As John Day browsed the booths at a Pearl Health Fair, his curved spine and shuffling steps caught the eye of Amy Burge.
As a physical therapist at Methodist Outpatient Therapy in Flowood, Burge recognized the telltale signs of scoliosis.
When Day took a seat in her booth to rest, she told the 68-year-old about a therapy that addresses the pain and physical limitations associated with the sideways curvature of his spine. Known as the Schroth Method for Scoliosis, the approach prioritizes muscle symmetry, breathing and posture awareness.
Diagnosed at 13, Day underwent pain-relieving surgery for scoliosis in 1975. Over time, his back pain had returned, so the Pearl resident quickly contacted his physician to get a prescription for the eight-week Schroth program.
Burge and several other therapists at Methodist are trained in the Schroth Method. She taught Day exercises to improve his core strength and flexibility as well as how to self-correct his posture.
“I can’t give him perfect posture, but I can give him a home program and the tools to make improvements,” said Burge.
During his sessions with Burge, Day noticed he was experiencing more dizziness than usual. He mentioned suffering from vertigo roughly a year prior and sometimes still felt wobbly while doing major movements. Burge referred Day to physical therapist Lana Bernier, who has a certification in vestibular rehabilitation.
The specialty focuses on the body’s balance system and begins with a thorough evaluation to identify causes of dizziness. Bernier then created a customized program to reduce the severity and frequency of Day’s dizzy spells.
They also worked on tracking exercises, where Day would follow a moving target with his eyes. Day worked to improve his eye to head coordination, which was a challenge considering his limited range of motion due to his curved spine. They even practiced moving to a beat to address dizzy symptoms Day experienced in his exercise classes at the senior center.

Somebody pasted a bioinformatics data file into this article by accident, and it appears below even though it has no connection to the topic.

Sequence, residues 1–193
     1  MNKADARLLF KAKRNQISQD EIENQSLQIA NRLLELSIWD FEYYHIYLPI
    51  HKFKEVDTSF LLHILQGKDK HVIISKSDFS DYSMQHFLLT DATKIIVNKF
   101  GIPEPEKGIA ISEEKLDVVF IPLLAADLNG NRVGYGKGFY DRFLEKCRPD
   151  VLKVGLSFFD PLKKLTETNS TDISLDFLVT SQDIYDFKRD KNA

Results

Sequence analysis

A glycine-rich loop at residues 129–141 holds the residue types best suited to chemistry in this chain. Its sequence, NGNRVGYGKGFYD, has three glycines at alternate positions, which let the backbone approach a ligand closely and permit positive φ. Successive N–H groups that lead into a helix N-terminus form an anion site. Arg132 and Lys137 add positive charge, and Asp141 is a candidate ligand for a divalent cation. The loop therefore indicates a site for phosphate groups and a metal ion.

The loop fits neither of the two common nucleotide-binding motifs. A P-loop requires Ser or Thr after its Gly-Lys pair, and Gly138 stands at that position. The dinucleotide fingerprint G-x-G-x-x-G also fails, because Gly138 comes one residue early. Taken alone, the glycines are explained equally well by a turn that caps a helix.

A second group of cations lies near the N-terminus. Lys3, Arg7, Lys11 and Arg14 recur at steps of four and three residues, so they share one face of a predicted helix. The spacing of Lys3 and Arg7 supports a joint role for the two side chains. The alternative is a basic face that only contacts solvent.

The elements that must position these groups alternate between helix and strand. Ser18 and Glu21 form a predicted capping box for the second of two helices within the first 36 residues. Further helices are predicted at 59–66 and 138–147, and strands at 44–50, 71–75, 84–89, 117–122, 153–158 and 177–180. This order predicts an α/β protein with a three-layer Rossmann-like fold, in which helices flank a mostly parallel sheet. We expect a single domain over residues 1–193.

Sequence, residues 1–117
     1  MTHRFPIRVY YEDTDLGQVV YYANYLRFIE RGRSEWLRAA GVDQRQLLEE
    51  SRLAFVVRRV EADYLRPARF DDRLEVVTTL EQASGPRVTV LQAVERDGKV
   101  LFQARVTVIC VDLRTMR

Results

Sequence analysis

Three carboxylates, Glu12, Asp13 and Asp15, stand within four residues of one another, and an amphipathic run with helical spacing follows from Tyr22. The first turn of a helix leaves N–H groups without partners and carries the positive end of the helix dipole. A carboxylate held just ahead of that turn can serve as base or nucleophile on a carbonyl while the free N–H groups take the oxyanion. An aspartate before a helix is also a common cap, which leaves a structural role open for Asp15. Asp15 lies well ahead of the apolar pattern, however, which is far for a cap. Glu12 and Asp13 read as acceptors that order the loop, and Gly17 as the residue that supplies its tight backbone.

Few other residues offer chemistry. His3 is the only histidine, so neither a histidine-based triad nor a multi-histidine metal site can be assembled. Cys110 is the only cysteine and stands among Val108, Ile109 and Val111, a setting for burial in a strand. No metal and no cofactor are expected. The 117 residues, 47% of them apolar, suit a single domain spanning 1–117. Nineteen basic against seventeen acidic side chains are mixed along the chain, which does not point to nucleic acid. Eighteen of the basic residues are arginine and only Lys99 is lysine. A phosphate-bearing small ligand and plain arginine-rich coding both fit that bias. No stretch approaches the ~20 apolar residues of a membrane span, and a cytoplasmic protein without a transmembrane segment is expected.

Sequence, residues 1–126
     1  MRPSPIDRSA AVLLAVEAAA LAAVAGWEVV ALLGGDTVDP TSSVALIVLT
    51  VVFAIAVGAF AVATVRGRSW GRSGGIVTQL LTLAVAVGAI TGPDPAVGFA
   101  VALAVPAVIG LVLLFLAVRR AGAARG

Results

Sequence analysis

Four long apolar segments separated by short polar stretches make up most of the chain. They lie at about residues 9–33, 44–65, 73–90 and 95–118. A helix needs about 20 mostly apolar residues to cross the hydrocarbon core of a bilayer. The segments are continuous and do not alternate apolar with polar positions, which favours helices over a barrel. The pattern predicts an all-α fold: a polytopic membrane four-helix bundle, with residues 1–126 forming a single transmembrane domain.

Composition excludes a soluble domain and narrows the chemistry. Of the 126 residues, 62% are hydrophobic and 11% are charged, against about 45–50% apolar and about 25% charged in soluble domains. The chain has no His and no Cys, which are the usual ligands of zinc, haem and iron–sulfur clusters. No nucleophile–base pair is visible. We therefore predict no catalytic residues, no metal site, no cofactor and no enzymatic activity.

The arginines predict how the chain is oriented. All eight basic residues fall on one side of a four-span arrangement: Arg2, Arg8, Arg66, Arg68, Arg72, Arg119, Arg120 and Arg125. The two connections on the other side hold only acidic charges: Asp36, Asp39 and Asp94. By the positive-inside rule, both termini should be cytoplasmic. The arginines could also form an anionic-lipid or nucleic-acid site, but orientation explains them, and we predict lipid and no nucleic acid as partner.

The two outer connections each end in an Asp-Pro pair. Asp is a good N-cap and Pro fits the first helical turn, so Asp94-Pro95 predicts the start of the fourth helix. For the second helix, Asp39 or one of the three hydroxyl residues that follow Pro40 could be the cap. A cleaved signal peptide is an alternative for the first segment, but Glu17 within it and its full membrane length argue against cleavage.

Bernier wishes more seniors like Day would be more specific about how they are feeling when it comes to dizziness and balance. Many times, she finds that senior citizens dismiss their symptoms as “just part of getting older,” when often times, vestibular rehab would greatly improve their quality of life.
“I wish more people knew when you have general dizziness or ‘fuzziness,’ you can find a home exercise routine to help diminish those symptoms,” said Bernier.
With improved posture and better balance, Day feels more sturdy and secure as he goes about his favorite activities like walking his property and checking his flowers. He is more mobile and plans to continue his exercises at home.
“I have more motivation after coming here to work on balance and strength because I know what happens when seniors fall. My wife is my motivator and is always saying, ‘Don’t you fall!’” said Day.
After teaching music for 27 years in the public school system in Kentucky and piano lessons since he was a teenager, Day has always known how to get a deep breath for musical purposes. It was not until he went to therapy that he learned how to use the muscles for his deep breath for stability. He is also remembering to breathe properly when he is focusing on a task like writing devotionals or short songs. As a tribute to his therapists, Day wrote a few songs about physical therapy. He confessed that he also wrote them to help him recall all of the information and lessons he learned at therapy.
“This has been like a godsend. I have learned a lot from Amy and Lana,” Day said.
Methodist Outpatient Therapy offers the Schroth Method for treating scoliosis at both the Flowood and Ridgeland locations. For more information or to schedule a consultation, call 601-936-8888.